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The hit to retirement incomes contained in [the Labor proposal to cancel cash refunds for excess dividend imputation credits] will not only affect the very wealthy, but substantially damage the lifestyles of many retirees who have prudently saved and are carefully drawing down on their retirement savings.

Refundable franking credits have been a well-established principle for nearly two decades, having been introduced on July 1, 2000, and self-funded retirees have understandably built their retirement income strategies around this. All these people want is certainty with the superannuation system. They had to contend with the enormous changes that took effect on July 1, 2017. Among these changes were a reduction in caps across both concessional (pre-tax) and non-concessional (post-tax) super along with the imposition of tax on individual earnings on amounts of above $1.6 million.

They also had to contend with the reduction in access to pension benefits — the tightening of so-called taper rules — which were introduced on January 1, 2017.

Now Labor's proposal will force them to rethink their retirement income strategies — yet again....

The simple fact is this proposal unfairly targets one sector of the community who have been diligent in saving to be self-sufficient in retirement. SMSFs put strategies in place under the existing rules only to find that politicians have again proposed to shift the goalposts. Aside from the personal financial pain many retirees will suffer, the changes to dividend imputation could have unforeseen consequences. It's almost inevitable to lead to a shift in SMSF asset allocation....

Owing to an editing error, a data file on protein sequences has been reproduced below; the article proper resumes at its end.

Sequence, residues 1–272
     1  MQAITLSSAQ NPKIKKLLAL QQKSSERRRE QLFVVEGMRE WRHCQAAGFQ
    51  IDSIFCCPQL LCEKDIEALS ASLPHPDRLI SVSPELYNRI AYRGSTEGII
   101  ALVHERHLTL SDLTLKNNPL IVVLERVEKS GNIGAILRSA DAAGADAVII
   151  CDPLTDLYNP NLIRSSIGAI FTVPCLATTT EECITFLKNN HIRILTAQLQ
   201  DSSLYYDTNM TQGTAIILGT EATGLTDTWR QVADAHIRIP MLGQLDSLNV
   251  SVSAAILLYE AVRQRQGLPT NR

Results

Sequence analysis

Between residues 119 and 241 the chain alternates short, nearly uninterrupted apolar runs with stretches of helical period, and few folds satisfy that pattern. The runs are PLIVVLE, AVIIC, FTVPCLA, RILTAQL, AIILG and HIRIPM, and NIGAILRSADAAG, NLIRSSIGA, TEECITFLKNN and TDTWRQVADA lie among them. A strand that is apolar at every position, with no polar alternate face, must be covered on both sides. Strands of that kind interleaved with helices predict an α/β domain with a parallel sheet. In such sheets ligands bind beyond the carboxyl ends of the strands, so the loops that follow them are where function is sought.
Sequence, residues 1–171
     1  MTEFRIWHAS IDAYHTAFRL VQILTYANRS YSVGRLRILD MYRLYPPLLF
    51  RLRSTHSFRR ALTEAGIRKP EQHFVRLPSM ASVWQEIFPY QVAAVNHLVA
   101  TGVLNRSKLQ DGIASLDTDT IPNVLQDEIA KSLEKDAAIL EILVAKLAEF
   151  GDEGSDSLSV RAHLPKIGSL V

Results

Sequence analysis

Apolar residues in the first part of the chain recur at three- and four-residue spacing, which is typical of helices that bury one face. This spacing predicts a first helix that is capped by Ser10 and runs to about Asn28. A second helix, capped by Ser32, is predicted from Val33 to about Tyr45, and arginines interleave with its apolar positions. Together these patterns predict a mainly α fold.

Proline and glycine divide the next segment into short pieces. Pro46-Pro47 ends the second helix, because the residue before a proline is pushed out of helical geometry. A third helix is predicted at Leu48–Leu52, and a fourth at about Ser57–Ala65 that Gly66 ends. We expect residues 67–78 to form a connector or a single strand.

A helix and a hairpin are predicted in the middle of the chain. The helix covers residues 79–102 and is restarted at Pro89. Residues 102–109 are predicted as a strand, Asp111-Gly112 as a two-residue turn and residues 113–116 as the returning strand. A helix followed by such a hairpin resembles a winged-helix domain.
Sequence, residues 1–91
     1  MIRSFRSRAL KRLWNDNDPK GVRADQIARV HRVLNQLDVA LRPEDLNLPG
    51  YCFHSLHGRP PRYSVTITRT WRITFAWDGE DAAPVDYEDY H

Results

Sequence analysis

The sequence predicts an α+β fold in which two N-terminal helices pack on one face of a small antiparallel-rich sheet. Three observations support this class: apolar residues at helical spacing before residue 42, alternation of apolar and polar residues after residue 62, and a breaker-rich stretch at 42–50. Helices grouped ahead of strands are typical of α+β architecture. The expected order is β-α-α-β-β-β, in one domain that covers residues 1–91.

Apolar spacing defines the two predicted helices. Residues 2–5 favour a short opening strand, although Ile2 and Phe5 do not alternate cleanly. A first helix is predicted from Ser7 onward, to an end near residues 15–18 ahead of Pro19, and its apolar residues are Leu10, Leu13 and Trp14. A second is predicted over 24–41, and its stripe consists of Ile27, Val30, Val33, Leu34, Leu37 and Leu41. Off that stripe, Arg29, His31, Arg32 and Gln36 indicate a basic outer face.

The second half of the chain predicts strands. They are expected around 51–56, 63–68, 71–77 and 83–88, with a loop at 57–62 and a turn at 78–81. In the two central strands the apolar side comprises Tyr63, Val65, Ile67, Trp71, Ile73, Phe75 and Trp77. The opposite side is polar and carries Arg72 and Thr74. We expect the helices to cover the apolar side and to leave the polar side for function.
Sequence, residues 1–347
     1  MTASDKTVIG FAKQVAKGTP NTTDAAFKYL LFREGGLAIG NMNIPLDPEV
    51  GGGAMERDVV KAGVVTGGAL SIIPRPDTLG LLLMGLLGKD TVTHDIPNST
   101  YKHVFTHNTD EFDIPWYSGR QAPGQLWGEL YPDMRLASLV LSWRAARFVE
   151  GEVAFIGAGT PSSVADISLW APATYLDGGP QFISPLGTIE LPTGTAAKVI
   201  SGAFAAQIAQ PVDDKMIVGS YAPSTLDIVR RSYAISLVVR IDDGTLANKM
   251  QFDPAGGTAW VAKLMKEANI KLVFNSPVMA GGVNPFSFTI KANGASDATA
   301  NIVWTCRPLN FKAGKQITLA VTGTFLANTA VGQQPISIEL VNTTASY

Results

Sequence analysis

When compulsory superannuation was introduced in 1992, the primary goal was for people to save to become self-sufficient in retirement. Financial incentives were put in place to ensure this happened, and people all over the country took the government at its word and structured their financial affairs to this end....
https://www.theaustralian.com.au/business/w...b47041b3655571e

Andrew Conway, CEO of the Institute of Public Accountants, said: "Self-funded retirees or prospective self-retirees who seek to invest to secure a self-funded retirement plan, alleviating pressure on a government-funded pension system, should be incentivised, not penalised."